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The Raptors 2015-16 schedule is a step up from last year

It's a rough start, but it's only upward from there.

Gary A. Vasquez-USA TODAY Sports

Nothing stokes the basketball appetites of the masses like a good ol' mid-August schedule release. We're still two and a half months away from the 2015-16 season getting rolling, but now we have a tangible slate of games to get psyched up for. Let's delve into how it breaks down and why it looks like a more manageable six-month journey for the Raptors than last year.

How it breaks down

On first glance, the Raptors' schedule seems pretty standard. As part of the NBA's effort to limit wear and tear on players, Toronto will play 17 back-to-backs (they had 19 last year) and will only endure one of the dreaded four-games-in-five-nights stretches, down from three in 2014-15. That's great - but every team will receive similar schedule alleviation; no advantage gained for the Raptors.

Toronto's longest road trip will be a six gamer in early-mid February (we'll get to this later), and the squad will defend the ACC for two separate seven game home-stands - one in early-mid December, and another in mid-late January.

Why it looks great for the Raptors

For a few reasons, the 2015-16 Raptors schedule looks like a step up from the calendar the team followed last year. Yes, as you've probably already heard, 11 of the team's first 15 games will be played away from home. On the surface, it looks like a stretch that could land the Raptors in a hole in the East quickly.

And while those early road opponents include beatable teams like the Sixers, Magic, Knicks, Kings, Lakers and DeAndre-less Mavericks, there are some stiff tests: the Clippers, Thunder, Pelicans and defending champion Warriors stand out in particular. Given such a rocky schedule, a near .500 record after 15 games will probably be considered a success.

That said, those opening weeks spent on the road might have some positive long-term effects for Dwane Casey's bunch. First off, if you buy into wishy-washy concepts like the importance of off-court team chemistry, being on the road for a hefty chunk of November could help foster unity between the incumbent roster players and the cavalcade of new faces joining the Raptors this year.

More importantly though, a schedule front-loaded with road games will set the Raptors up for a much more home-heavy schedule to end the year. Last season was the inverse. Toronto's hot start was aided by playing 11 of its first 16 at home. As the road games began to pile up, so did the losses. In the season's final stretch, Toronto played 18 of 29 away from The Six. It's a much friendlier finish this time around though - 15 of the Raptors final 25 contests will be played in Toronto.

Let's face it, every team in the NBA faces grueling road trips - but to get them over with early on when there is still a bounce in the players' steps clearly beats trudging from airport-to-airport with 50 games of wear already hampering guys' bodies.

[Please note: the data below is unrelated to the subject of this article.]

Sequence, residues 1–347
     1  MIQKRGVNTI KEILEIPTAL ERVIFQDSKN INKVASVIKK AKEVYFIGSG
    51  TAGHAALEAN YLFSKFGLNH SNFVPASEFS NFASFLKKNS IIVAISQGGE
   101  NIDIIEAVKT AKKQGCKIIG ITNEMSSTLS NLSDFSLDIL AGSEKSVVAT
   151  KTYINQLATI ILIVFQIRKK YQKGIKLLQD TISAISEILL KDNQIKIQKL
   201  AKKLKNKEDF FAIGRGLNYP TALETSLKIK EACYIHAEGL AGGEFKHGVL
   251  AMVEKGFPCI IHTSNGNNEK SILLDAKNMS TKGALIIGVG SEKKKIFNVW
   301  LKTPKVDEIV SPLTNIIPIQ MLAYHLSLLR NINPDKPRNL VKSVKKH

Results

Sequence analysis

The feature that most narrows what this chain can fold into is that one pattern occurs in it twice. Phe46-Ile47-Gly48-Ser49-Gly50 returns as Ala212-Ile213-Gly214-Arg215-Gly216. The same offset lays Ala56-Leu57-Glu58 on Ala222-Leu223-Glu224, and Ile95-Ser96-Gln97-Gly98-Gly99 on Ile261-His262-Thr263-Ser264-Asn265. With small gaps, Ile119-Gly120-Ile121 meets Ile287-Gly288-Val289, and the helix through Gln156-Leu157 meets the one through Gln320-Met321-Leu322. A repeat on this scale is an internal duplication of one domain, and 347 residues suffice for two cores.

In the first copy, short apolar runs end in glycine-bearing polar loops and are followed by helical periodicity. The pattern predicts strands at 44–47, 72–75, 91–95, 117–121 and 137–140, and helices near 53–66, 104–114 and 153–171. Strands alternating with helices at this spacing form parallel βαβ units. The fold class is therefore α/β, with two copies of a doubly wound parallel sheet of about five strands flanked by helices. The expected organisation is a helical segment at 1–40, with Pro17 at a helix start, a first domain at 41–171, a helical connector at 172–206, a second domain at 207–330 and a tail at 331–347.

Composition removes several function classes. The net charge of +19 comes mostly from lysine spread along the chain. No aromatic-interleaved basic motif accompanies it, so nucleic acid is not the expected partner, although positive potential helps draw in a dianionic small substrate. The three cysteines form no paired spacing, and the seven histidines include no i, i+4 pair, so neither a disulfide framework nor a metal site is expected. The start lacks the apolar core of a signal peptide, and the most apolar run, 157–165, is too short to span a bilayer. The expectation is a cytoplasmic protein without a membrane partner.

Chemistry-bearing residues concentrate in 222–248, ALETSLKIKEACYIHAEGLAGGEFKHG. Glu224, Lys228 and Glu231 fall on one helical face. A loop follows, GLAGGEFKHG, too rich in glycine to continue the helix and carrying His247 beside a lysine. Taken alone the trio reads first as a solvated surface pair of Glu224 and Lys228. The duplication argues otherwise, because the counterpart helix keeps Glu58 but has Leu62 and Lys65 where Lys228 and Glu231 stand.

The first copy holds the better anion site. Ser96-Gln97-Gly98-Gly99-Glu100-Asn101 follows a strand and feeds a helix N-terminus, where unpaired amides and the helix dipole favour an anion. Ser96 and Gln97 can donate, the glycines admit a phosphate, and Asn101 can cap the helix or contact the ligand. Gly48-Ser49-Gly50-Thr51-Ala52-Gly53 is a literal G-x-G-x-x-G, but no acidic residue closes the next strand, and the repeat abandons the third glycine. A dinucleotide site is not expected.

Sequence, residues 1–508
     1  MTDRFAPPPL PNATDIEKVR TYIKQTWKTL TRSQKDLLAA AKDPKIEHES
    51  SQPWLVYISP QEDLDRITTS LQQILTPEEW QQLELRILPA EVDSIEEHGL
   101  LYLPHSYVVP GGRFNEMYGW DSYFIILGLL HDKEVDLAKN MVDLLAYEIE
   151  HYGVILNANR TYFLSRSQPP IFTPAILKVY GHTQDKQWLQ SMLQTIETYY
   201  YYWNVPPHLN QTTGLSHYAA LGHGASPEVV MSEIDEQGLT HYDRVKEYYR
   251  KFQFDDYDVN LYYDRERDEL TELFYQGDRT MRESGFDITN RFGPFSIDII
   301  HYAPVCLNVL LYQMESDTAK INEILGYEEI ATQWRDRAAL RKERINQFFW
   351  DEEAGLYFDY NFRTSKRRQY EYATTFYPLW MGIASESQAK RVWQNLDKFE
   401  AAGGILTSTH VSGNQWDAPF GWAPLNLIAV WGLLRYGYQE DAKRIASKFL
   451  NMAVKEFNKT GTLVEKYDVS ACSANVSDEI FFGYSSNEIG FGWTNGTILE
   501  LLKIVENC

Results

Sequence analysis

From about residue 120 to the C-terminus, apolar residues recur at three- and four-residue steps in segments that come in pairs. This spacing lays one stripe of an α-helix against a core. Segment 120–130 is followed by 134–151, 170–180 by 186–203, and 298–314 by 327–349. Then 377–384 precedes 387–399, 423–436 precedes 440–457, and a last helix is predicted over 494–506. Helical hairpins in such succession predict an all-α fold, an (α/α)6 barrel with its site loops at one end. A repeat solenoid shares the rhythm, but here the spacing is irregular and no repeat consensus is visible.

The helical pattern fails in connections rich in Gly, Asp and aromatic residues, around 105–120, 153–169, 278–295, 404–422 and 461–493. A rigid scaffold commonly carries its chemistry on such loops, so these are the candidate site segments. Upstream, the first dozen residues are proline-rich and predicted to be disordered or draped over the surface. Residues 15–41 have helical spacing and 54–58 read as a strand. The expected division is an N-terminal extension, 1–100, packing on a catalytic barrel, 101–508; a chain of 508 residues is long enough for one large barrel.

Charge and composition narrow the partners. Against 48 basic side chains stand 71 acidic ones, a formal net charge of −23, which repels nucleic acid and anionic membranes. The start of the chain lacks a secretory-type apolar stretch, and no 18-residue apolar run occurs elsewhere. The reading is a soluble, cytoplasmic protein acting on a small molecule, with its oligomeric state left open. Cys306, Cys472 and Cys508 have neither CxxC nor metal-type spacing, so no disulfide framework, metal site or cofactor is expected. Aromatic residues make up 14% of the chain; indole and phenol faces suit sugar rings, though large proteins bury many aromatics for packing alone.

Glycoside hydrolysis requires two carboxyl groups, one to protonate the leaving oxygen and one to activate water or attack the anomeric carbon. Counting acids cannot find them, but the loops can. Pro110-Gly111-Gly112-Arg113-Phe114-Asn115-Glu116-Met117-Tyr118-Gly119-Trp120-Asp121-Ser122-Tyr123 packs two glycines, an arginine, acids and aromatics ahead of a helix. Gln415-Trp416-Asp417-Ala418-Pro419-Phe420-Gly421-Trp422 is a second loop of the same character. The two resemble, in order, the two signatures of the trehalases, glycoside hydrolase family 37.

Speaking of lengthy road tours - the Raptors received a tremendous stroke of luck with the aforementioned season-long six-gamer. Running from February 1-19, it straddles the All-Star Break, essentially turning it into two smaller trips - four games before the break and two after with eight days off in between. Something tells me players would complain less about travel if all of their multi-week road trips were divided in two by an excursion to the Bahamas.

And compared to the teams Toronto faced on it's season-turning six-game swing around Christmas last year, this year looks like a breeze. Toronto will play Denver, Phoenix, Portland, Detroit, Minnesota and Chicago on their All-Star break roadie; the Nuggets, Blazers and Wolves are all surefire lottery teams, while the only playoff lock is the Bulls. Last year? Toronto's longest trek saw them play four 50-win teams.

The road should be a lot kinder to the Raptors this season.

The National Broadcast issue

Toronto is slated to appear in two nationally televised games in the States next season - one on ESPN and one on TNT. They'll be slotted in on NBATV another eight times as well.

Of course, there is frustration when you realize teams like the Kings, Blazers, and Pacers will be shown nationally more often than the Raptors. And it's hard to suppress the urge to weep when you see that the sure-to-be-awful Lakers will play before the country 19 times.

But let's not go and act like the decision to give Toronto two prime-time national slots is some attack against Canada. It's a decision based purely on ratings and frankly, Canadian eyeballs don't matter to ESPN and TNT.

Two games is ... something. It's more exposure than the Raptors could have dreamed of a few years ago during the death-spiral years the franchise experienced near the end of Bryan Colangelo's tenure. We should be thrilled that the American audience will be exposed to the raucous ACC crowd at all this year, let alone twice.

Not to mention, there is always the possibility that, if the Raptors surprise and are near the top of the East, Toronto could be flexed into an extra national game or two. It happened last year thanks to the abject terribleness of the Knicks - there's no reason it couldn't unexpectedly happen once again in 2015-'16.

The incessant inferiority complex among Raptors fans is getting a bit tired, and it's a bad look overall. Enjoy the 82 games that are now set in stone, and don't get caught up fretting over which broadcaster will be behind the mic.

What are your thoughts on how the Raptors' schedule shakes down?